Technology driving health plan strategy

| February 22, 2024

By Jeff Lagasse–Sixty-two percent of health plan leaders are investing in technology for digital transformation as the number-one way to achieve organizational goals in 2024, a new survey from healthcare SaaS company HealthEdge, a software provider for payers, has found.

The survey of U.S. health plan executives working across functions found rising consolidation among payers and providers. Twenty-five percent of leaders are considering new partnerships or acquisition as a strategy to reinvest cost savings. About 22% of leaders are considering using these savings to invest in a new geography or line of business.

Health plans are continuing to grapple with the lingering impacts of the pandemic, including inflation, workforce shortages and a shift toward virtual care options. The majority of health plan leaders (62%) are investing in technology for digital transformation as the primary way to achieve organizational goals in 2024.


The survey identified a number of challenges that can potentially be addressed via modern technology.

One is alignment between IT and business. The survey authors determined that payers need flexible and agile technology, rather than costly and time-consuming solutions, to enable their businesses to expand in a competitive market.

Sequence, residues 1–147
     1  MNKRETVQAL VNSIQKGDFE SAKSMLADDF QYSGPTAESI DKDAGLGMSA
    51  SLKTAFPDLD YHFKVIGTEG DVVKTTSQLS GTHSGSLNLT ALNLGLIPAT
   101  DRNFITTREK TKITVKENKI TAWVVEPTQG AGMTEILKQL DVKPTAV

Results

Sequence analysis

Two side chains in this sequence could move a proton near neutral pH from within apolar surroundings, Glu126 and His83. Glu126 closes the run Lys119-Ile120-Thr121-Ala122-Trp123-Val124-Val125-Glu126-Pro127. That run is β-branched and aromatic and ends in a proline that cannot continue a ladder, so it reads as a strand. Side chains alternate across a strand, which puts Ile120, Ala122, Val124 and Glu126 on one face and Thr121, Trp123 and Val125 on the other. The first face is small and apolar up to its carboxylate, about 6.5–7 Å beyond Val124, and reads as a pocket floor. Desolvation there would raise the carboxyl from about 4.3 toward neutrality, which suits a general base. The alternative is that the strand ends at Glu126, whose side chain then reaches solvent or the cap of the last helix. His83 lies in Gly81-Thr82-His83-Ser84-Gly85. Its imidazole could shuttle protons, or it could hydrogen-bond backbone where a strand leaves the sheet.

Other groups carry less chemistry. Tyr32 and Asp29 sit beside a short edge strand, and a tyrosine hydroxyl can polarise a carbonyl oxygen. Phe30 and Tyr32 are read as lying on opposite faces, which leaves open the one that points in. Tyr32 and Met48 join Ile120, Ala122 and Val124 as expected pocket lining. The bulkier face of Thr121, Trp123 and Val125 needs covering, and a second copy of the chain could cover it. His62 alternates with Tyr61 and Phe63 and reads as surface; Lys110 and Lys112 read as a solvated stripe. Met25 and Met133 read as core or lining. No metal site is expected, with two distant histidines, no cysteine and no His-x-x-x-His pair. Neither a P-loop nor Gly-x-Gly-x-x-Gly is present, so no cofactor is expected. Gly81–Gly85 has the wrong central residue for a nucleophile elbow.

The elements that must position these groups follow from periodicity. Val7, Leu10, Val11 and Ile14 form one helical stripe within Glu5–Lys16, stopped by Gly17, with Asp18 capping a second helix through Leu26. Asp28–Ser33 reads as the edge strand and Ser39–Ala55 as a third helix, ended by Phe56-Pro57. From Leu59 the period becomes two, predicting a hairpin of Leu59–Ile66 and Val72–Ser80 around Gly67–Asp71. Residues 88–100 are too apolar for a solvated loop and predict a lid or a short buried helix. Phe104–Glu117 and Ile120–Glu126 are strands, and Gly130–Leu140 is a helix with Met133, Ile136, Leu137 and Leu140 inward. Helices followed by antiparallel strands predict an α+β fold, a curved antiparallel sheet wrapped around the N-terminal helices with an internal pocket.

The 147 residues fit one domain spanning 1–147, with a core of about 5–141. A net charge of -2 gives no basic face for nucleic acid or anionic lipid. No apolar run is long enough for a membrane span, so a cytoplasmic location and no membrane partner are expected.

Employee turnover and burnout can also be addressed through technological means. As more healthcare workers leave their jobs, health plans are deploying technology to eliminate repetitive tasks and low morale, results showed.

Executives are turning to strategic planning and agile technology to enable business growth amid macroeconomic challenges, and in a push to manage costs, health plan leaders are improving the financial accuracy of claims, increasing auto-adjudication rates, increasing interoperability across the healthcare ecosystem and providing additional training for end users of technology solutions.

A big challenge that can be addressed technologically is member satisfaction. Increasing consumer choice and pressure from regulatory agencies – including the Centers for Medicare and Medicaid Services doubling the weight of member satisfaction in calculating Star Ratings for the 2024 reporting year – have pushed health plans to emphasize member satisfaction, the survey found. Respondents said inadequate communication and high costs have the greatest negative impact on members’ satisfaction.


Nearly one-third of health plan leaders said providing the variety of plan offerings needed to satisfy member demands is the biggest challenge to acquiring new members, while 28% reported ​​their top barrier is conducting effective marketing outreach to attract and engage new members.

Respondents also said the lack of technology or partners to enable regulatory compliance was their organization’s biggest challenge to staying compliant with CMS’s frequent changes to quality standards and payment rules.

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